Propaganda is a way to deliver a message that appeals to the emotions instead of presenting solid evidence to support a point. It is used by advertisers, salespeople, and politicians who may lack adequate facts to persuade people to support their point of view. Governments may use propaganda to rally support and influence people for a specific agenda, such as war. Part of being a critical reader is the ability to recognize these propaganda techniques.

Beyond Words

Being a critical reader extends far beyond paragraphs of printed words. Images can be read critically too. Some of the most common types of propaganda are found in images and videos.
Review the types of propaganda and examples below while thinking about the following:
  • Who is the creator of these images?
  • Why were they created?
  • Who is the target audience?
  • What biases are they portraying?
  • What is the perspective of the creators?


This form of propaganda presents the idea that “everybody’s doing it” so you should “jump on the bandwagon” and do what everyone else is doing too.
In this ad, “everyone”— or 20 million people plus the elderly man—are playing Call of Duty: Modern Warfare 2, so to be with everyone you should play the game too.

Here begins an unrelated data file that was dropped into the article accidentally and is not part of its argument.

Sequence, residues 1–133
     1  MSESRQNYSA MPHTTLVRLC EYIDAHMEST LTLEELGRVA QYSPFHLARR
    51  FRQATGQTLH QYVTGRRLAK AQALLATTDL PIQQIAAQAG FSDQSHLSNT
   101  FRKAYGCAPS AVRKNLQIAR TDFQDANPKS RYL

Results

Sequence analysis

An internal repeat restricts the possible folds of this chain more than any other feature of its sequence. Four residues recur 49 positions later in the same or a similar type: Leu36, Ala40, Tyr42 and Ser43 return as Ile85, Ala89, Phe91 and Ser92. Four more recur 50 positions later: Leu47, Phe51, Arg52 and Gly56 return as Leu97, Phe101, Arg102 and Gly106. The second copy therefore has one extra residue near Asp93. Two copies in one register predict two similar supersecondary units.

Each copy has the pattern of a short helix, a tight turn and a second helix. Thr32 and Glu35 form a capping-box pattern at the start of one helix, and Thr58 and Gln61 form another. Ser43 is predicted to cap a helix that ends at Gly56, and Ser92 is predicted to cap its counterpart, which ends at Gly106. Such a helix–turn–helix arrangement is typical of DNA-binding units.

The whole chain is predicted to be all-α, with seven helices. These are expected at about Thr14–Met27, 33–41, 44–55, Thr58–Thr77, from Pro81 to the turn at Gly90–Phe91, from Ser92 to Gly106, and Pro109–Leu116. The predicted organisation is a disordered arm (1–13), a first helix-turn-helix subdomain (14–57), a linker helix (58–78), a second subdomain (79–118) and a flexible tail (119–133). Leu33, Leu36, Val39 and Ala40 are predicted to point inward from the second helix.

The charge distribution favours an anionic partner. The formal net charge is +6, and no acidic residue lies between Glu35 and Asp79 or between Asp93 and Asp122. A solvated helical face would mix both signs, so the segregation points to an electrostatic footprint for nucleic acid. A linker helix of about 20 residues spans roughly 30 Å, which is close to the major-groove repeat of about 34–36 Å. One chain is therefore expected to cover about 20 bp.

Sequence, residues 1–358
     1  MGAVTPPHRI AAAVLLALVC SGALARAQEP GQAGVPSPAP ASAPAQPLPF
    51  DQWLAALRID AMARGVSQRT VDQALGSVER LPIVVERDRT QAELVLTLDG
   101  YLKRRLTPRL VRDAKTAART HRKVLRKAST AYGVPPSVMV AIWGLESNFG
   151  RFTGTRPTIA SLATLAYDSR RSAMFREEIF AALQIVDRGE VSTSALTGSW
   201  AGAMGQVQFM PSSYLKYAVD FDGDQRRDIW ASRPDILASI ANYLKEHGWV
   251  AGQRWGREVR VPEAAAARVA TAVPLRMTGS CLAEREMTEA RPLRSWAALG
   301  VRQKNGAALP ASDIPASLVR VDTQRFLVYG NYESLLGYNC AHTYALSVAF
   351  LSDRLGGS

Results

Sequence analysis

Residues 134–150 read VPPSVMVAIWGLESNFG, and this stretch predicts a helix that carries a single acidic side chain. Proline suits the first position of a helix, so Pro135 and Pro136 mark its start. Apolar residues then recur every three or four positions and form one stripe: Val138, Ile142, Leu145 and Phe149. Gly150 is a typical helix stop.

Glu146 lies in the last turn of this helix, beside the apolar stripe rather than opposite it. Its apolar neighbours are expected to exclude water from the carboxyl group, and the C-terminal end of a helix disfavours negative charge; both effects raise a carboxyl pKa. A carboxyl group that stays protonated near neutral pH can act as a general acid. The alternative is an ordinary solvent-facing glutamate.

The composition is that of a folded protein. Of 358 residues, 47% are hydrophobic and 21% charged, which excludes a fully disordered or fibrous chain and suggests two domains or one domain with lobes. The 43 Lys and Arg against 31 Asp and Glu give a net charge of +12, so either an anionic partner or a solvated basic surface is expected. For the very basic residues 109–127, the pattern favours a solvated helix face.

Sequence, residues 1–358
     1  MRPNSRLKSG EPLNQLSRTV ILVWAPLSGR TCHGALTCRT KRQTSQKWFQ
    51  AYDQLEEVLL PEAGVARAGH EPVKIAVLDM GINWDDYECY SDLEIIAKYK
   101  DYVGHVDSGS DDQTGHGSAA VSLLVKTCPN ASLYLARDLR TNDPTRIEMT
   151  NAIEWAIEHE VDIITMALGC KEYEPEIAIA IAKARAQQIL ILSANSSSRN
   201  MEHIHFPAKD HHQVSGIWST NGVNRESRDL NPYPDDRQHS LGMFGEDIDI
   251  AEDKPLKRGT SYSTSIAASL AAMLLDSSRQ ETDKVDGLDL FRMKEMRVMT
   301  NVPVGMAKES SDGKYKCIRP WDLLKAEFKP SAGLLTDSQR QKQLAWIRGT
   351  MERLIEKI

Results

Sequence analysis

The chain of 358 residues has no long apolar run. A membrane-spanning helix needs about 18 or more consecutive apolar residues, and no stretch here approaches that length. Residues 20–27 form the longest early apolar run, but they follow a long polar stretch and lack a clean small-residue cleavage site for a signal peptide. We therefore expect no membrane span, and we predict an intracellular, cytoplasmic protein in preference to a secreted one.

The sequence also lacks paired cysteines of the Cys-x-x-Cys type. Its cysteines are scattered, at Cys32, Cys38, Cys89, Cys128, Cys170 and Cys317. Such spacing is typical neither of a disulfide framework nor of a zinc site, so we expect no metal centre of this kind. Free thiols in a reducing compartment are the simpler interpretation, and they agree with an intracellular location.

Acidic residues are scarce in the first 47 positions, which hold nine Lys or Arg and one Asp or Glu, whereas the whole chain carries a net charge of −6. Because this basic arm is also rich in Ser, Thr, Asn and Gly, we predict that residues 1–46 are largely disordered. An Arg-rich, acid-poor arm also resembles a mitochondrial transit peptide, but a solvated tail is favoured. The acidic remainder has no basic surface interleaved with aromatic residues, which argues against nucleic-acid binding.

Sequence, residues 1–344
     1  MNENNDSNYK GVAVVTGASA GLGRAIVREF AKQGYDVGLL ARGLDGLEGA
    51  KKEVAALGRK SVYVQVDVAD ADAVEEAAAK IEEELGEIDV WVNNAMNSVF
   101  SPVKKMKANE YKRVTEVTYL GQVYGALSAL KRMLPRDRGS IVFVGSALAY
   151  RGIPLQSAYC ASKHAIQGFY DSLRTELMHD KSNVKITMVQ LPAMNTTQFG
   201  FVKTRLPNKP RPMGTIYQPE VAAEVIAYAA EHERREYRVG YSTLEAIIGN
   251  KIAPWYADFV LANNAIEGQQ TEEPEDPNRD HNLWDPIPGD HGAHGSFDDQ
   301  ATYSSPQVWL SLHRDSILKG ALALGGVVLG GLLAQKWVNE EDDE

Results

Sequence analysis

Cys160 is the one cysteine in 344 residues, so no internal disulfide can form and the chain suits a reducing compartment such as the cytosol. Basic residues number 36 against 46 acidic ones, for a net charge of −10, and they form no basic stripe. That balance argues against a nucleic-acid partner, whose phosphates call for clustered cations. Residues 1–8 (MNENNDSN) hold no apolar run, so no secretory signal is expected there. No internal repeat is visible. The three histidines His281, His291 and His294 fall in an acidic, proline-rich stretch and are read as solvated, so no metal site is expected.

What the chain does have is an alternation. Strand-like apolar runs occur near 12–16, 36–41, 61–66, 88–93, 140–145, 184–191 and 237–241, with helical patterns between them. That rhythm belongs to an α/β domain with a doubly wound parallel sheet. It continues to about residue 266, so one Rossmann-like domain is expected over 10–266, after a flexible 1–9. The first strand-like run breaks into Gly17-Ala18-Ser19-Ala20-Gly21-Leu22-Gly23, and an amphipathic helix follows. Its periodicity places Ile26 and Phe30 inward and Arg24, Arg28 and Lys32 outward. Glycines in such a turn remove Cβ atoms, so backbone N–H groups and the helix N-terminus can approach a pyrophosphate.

Red Herring

A type of “logical fallacy,” this form of propaganda presents data or issues that, while compelling, have nothing to do with the argument. This ad argues that parents should control what their children learn in school, but what children are learning in school really has nothing to do with the issue, which is whether or not to legalize gay marriage.


Glittering Generality

This form of propaganda applies emotional words to a product or idea that presents no concrete argument or analysis. This John McCain political ad applies the words “reform, prosperity, and peace” to the “McCain for President” campaign.



This form of propaganda features an expert, person of authority, or respected public figure who supports the argument and encourages others to accept the opinions and beliefs as their own. In this ad, Michael Jordan, arguably one of the greatest basketball athletes in history, simply drinks Gatorade, which is an easy way for anyone—regardless of how well they play basketball—to “be like Mike.”




This form of propaganda arouses prejudices in an audience by labeling the object of the propaganda campaign as something the target audience fears, hates, or even finds desirable. In this ad, the viewer is led to believe that people who have a Volkswagen “experience” will in turn become a Caribbean stereotype, complete with an accent and a “no worry” attitude even if it’s a bad Monday at the office.